Wednesday, December 16, 2015

Photos and Reportback from Dec. 12 Amnesty USA Art for Rights event in New Orleans for Albert Woodfox and other political prisoners

Read the Amnesty USA press release here.

Read a report from the day by the Times-Picayune here.

The following six photos, including the first two of Usher, were taken by Patrick Melon.

Monday, December 14, 2015

Never Silenced, Herman Wallace's Spirit is Smiling --An interview with filmmaker Angad Singh Bhalla

Never Silenced, Herman Wallace's Spirit is Smiling  
--An interview with filmmaker Angad Singh Bhalla

By Angola 3 News

Canadian filmmaker Angad Singh Bhalla has never shied away from examining politically controversial topics. Nor does he play down his own artistic goal of using media to foster political change. Bhalla's first independent work, entitled U.A.I.L. Go Back amplified the voices of Indian villagers resisting an alumina project backed by the Canadian company Alcan. The film became an important organizing tool used to pressure Alcan into ending its involvement in the project.

Bhalla has since co-founded Time of Day Media.and while working as a community organizer for immigrant rights, he produced videos for the Service Employees International Union, Working America, the Center for Constitutional Rights and other groups. His award-winning short on the lives of Indian street artists, Writings on the Wall, was broadcast on Canada’s Bravo! and Al Jazeera English.

Bhalla's debut feature documentary was the 2012 film Herman’s House, about Herman Wallace of the Angola 3 and the collaborative project Wallace worked on with artist Jackie Sumell, entitled The House That Herman Built. The film screened at more than 40 festivals, was distributed theatrically in the US and Canada, and won an Emmy Award for its 2013 POV broadcast on PBS.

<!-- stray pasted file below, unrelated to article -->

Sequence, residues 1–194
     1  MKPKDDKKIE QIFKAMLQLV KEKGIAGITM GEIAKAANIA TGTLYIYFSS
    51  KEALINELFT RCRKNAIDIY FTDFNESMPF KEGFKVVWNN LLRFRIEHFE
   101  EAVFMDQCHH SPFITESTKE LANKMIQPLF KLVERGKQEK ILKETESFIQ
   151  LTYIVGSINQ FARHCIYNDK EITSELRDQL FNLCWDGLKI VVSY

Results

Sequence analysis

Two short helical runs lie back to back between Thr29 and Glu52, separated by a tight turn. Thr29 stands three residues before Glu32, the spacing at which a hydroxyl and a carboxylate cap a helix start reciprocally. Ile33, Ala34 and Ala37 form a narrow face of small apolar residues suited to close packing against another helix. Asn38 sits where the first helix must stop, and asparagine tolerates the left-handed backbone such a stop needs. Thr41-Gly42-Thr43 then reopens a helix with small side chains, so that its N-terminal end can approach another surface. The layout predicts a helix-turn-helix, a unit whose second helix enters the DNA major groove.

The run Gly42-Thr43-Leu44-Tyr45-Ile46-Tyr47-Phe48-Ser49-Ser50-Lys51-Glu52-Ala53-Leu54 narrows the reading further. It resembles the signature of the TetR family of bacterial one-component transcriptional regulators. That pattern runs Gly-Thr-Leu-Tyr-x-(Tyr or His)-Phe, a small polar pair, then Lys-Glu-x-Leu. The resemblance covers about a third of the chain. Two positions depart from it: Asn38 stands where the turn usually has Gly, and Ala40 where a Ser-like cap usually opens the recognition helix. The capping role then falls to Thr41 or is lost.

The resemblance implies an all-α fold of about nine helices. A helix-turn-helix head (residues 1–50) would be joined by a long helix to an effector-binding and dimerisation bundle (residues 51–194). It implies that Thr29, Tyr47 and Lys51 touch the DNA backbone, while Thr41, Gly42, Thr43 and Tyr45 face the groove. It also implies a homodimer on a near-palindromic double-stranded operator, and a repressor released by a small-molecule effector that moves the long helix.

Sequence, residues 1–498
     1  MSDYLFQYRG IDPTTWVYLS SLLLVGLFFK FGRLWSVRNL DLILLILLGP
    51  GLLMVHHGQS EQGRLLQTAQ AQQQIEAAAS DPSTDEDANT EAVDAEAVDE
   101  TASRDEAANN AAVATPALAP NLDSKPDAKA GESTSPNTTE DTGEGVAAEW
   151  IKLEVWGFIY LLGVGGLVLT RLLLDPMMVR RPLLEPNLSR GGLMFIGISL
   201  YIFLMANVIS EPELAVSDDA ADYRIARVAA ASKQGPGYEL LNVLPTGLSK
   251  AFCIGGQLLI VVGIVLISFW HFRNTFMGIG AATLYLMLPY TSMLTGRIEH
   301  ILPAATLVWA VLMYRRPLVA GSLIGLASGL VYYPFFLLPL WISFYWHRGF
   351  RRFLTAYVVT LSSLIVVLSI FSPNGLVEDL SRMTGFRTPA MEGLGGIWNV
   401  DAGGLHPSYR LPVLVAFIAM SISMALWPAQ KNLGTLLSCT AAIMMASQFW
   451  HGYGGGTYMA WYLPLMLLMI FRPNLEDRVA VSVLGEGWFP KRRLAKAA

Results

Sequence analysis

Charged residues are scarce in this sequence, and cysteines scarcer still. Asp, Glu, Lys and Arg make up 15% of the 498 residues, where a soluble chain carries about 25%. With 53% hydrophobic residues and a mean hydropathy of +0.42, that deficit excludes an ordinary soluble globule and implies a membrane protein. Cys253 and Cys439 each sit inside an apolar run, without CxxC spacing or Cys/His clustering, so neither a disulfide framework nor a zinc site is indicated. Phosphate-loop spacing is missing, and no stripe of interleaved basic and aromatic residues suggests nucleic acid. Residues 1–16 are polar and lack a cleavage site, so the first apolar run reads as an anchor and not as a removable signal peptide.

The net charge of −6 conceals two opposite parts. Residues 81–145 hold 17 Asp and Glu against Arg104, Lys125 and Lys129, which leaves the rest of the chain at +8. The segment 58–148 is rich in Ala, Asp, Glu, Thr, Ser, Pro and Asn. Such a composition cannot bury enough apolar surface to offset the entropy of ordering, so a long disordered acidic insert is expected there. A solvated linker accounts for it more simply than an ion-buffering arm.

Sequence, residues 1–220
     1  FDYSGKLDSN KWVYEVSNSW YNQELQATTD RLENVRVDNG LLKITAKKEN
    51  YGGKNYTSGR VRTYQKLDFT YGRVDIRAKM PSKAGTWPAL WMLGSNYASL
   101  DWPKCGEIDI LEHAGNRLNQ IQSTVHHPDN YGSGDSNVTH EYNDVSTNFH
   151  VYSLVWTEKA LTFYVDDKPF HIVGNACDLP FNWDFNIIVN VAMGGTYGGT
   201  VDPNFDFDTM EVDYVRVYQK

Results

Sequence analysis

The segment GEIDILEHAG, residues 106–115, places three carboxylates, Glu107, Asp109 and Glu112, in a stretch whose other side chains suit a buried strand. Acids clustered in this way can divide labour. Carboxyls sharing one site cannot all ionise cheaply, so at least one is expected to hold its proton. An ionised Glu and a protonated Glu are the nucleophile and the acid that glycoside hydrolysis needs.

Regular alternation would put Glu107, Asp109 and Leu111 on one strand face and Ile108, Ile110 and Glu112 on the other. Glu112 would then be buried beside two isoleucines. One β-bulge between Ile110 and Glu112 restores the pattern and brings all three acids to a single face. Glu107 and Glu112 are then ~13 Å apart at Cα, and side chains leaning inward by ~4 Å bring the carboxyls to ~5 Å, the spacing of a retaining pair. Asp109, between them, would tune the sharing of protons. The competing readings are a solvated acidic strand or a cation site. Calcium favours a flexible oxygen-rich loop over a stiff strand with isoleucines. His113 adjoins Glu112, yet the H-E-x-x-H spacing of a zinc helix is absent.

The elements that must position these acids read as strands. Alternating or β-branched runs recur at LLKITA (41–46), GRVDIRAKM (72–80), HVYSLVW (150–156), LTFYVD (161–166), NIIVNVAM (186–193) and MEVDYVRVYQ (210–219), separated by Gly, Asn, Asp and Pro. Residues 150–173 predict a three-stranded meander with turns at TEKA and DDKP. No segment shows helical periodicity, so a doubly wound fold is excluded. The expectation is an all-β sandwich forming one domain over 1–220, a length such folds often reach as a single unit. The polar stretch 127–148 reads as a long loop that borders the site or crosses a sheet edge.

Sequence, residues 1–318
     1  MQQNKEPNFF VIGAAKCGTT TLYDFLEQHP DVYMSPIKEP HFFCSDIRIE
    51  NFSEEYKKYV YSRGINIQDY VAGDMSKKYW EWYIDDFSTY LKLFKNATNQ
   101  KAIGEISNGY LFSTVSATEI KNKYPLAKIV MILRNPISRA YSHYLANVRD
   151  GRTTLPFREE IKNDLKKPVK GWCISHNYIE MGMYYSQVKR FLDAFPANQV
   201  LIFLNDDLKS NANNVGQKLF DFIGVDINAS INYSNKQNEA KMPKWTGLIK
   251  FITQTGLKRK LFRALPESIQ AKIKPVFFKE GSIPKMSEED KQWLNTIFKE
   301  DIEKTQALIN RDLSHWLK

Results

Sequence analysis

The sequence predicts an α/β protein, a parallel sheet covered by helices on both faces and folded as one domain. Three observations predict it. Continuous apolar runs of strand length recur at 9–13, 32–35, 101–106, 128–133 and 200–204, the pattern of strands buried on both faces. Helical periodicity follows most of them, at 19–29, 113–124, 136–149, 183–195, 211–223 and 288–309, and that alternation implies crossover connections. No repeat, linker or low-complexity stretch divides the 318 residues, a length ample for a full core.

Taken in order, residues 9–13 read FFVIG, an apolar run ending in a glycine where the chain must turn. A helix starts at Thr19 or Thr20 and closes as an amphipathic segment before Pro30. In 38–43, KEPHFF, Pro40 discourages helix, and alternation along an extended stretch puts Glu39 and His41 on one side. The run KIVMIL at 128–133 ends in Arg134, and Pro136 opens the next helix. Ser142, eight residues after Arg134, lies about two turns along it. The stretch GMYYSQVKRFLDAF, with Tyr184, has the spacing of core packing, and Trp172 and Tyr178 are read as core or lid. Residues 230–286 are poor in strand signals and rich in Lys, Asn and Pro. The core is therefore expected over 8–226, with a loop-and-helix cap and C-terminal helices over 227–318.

The newly released, interactive website-based documentary film made by Bhalla, entitled The Deeper They Bury Me: A Call from Herman Wallace, builds upon Herman's House by further examining Herman Wallace's life, following Wallace's death from liver cancer on October 4, 2013, just three days after being released from prison. This latest film has already been well received. Along with a recent screening at the 28th annual International Documentary Film Festival Amsterdam, The Deeper They Bury Me has also been selected by Favourite Website Awards as the "Site of the Day" for December 14, where it is being displayed on the website's front page for the full day.

In this interview, filmmaker Angad Singh Bhalla discusses his latest film, The Deeper They Bury Me, while also reflecting upon his 2012 film Herman's House, his personal relationship with Wallace and more. Bhalla concludes the interview with a focus on the call by Amnesty International and the International Coalition to Free the Angola 3 for the immediate release of Albert Woodfox, who is the last of the Angola 3 behind bars. Despite three overturned convictions, Woodfox remains in prison and in solitary confinement, where he was first placed over 43 years ago.